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Bioterror  

Deer fly Deer flies can carry tularemia and cause natural cases of human infection.
Agents of Bioterror
Tularemia

incubation period | symptoms | how it would spread | treatment | vaccine

The agent that causes tularemia, Francisella tularensis, is one of the most infectious bacteria known: inhaling as few as ten microscopic germs can trigger disease. A World Health Organization committee estimated that if 110 pounds of a virulent strain of the bacteria were sprayed over a city of five million, it could incapacitate 250,000 people and kill 19,000. Respiratory failure or shock would cause most fatalities.

During World War II, both the Japanese and U.S. militaries researched tularemia. In the 1990s, the Soviet Union developed antibiotic- and vaccine-resistant strains.

Tularemia occurs naturally in small mammals such as mice, squirrels, and rabbits. Human infection, which is rare, can result from insect bites or handling infected animals. It is possible that infected flies, ticks, or mosquitoes could intentionally be released as weapons, but direct spraying of the bacteria is thought to be a more likely threat.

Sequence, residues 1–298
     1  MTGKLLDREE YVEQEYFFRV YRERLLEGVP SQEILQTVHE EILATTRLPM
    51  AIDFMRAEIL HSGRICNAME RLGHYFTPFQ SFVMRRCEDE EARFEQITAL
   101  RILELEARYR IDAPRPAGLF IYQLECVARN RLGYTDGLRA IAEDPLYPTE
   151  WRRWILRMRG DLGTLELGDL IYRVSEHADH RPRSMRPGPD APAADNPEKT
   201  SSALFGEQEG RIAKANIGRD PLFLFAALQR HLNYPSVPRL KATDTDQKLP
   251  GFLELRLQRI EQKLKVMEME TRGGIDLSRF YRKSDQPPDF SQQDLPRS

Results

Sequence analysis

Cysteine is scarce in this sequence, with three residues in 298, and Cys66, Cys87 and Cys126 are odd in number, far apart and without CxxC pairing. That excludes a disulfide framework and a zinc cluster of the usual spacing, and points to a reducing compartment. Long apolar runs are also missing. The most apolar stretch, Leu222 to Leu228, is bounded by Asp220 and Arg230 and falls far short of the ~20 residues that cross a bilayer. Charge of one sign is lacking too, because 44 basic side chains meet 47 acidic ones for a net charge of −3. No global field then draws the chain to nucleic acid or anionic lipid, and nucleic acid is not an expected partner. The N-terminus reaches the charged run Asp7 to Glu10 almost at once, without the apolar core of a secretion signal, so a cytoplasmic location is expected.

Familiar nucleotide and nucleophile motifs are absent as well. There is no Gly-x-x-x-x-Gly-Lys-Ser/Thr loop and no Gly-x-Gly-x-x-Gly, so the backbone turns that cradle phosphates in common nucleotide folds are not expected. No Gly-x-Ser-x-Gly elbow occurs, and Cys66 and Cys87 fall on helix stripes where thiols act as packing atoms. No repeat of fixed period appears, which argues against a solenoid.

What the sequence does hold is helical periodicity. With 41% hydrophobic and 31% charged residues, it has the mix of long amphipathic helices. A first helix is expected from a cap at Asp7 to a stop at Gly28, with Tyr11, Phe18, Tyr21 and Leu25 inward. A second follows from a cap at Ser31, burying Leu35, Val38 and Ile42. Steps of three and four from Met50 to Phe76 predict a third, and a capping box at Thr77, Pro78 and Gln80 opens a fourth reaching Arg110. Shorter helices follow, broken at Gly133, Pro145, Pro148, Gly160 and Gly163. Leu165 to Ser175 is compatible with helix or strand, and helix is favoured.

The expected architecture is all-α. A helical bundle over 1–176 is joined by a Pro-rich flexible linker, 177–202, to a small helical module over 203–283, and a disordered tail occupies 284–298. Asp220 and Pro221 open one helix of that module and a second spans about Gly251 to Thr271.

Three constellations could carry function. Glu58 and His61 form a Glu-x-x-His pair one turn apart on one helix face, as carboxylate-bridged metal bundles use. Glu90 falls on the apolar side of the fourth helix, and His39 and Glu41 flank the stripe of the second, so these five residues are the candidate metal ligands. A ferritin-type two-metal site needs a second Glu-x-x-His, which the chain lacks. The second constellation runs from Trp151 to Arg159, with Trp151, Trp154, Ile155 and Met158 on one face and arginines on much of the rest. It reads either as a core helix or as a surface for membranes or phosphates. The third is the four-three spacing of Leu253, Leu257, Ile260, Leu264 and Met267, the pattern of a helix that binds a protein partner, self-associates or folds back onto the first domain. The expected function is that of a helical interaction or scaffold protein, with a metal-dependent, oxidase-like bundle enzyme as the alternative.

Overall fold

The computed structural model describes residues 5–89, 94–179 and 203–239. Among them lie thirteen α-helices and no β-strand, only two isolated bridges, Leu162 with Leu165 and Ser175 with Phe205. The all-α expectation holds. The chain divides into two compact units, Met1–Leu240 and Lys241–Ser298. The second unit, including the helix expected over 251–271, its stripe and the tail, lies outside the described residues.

Incubation period before symptoms
1-14 days. Following a terrorist attack, cases would likely be reported in 3-5 days.


Symptoms
Various forms of the disease all begin with the sudden onset of flu-like symptoms:
  • fever, chills, headache, cough, and lethargy
Additional symptoms depend on the form but include:
  • swollen and sore lymph nodes
  • skin ulcers
  • red and sore eyes
  • abdominal pain, diarrhea, and vomiting
  • pneumonia

How it would be spread
Aerosol or food. Human-to-human transmission has not been documented.


Treatment
Early antibiotic therapy is effective, and if started within 24 hours of exposure, may prevent disease. A variety of antibiotics can be used, although some antibiotics may be powerless against strains genetically engineered to be resistant.


Vaccine
No vaccine is available for the general public. The U.S. Food and Drug Administration is investigating a vaccine that is now available for high-risk lab workers.



Anthrax   Botulism   Cholera   Glanders


Plague   Q Fever   Smallpox   Tularemia

Chart of the 8 agents



Photo: Photo Researchers

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